The farm-to-fork project offers culinary tourists the opportunity to visit farmers, producers and restaurants, educates tourists about the entire food chain and provides tourists with locally produced food.

Local farmers' markets

Local markets are the sources for the local cuisines and there are often many different providers of trips to local farmers’ markets at a destination. An example is the farmers’ market in Amman.

If culinary tourism is marketed well, it can become a huge boost to tourism in your region, for several reasons. First, culinary tourists contribute highly to the local economy, because many will spend a lot of money in local restaurants, festivals, tastings, and so on. Second, many regular tourists will enjoy a culinary experience as well. The large scale of this form of tourism cannot be understated and can even be seen as one of the pillars of healthy and sustainable local tourism. Third, food tourism stimulates year-round visitors as these travellers are not bound by season. And last, it creates cross-cultural connections, preserves heritage and traditions and educates travellers about the local culture.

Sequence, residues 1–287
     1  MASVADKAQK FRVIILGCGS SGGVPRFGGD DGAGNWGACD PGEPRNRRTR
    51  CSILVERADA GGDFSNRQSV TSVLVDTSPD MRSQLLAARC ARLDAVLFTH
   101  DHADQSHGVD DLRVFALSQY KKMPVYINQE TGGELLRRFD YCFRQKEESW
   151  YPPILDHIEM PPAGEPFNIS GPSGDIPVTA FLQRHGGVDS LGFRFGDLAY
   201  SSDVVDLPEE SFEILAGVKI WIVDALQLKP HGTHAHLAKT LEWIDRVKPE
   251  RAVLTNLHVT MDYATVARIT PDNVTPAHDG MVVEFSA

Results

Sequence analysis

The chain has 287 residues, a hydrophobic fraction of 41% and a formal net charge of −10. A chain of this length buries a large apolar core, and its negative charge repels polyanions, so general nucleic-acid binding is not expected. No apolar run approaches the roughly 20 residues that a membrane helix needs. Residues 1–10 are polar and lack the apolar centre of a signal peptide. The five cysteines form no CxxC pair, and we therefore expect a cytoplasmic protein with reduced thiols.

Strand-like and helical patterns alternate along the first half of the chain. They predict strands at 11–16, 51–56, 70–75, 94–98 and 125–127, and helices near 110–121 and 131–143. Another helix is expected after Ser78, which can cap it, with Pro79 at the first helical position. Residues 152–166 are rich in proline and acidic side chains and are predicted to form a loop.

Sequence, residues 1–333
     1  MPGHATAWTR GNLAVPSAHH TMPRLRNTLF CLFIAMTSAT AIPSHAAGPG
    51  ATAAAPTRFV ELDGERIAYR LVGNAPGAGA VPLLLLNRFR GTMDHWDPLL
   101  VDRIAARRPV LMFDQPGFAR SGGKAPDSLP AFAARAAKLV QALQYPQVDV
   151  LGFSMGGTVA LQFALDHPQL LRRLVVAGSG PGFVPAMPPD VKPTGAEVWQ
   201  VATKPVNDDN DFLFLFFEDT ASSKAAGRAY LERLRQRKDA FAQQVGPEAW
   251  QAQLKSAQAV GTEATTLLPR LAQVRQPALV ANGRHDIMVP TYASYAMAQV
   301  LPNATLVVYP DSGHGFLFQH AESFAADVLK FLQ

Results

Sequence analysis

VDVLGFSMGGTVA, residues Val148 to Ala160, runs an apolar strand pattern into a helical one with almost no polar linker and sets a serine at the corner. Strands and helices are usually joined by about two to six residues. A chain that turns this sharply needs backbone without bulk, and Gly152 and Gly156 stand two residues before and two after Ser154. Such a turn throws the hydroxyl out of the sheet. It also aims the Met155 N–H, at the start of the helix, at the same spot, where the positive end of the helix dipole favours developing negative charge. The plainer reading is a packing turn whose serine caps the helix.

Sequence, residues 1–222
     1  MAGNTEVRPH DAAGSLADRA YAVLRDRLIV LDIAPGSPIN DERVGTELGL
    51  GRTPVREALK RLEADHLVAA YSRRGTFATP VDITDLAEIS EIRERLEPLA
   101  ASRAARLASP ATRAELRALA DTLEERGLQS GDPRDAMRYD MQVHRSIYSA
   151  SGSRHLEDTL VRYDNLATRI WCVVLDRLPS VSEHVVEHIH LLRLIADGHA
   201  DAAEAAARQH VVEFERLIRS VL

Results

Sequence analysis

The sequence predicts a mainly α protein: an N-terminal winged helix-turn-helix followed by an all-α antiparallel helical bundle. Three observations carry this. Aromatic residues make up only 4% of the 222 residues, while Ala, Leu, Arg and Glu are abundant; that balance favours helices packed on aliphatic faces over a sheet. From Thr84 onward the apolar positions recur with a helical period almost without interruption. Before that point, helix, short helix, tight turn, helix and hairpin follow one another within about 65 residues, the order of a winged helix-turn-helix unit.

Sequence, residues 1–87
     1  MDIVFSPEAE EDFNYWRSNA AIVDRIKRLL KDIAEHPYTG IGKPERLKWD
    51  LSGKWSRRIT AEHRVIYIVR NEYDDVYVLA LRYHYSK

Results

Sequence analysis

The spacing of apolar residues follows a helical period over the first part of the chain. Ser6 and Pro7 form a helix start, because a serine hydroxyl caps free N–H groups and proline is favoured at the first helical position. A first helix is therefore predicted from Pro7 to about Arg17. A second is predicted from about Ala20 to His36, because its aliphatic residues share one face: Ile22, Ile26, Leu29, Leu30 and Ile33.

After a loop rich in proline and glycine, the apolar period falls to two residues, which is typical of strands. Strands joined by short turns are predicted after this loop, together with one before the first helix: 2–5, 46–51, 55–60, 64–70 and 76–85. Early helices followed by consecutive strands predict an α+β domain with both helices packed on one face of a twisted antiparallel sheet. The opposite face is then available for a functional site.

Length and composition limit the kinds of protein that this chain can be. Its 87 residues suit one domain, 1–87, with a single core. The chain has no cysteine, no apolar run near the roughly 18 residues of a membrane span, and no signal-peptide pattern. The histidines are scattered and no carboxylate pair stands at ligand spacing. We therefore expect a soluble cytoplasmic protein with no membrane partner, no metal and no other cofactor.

This study will further answer the questions why Europe is an interesting market, which European countries offer the most potential and which trends offer opportunities.

Tips:

  • Combine a culinary activity with complementary cultural activities. Examples are visiting farms to see where the food is grown, visiting local food producers and organising a food workshop.
  • Get a certificate or take a course in the industry in order to educate yourself. For example, the world food travel association (WFTA) offers several ways to educate yourself by means of certificates, events and seminars.
  • Combine existing places where you can buy food, from restaurants to street food vendors, and merge them into one product by means of a story. An example of this is Yangon Food Tours in Myanmar. Their aim was to show real food from Myanmar to visiting tourists. Read the article by Food’n Road on further explanation and tips for setting up a food tour.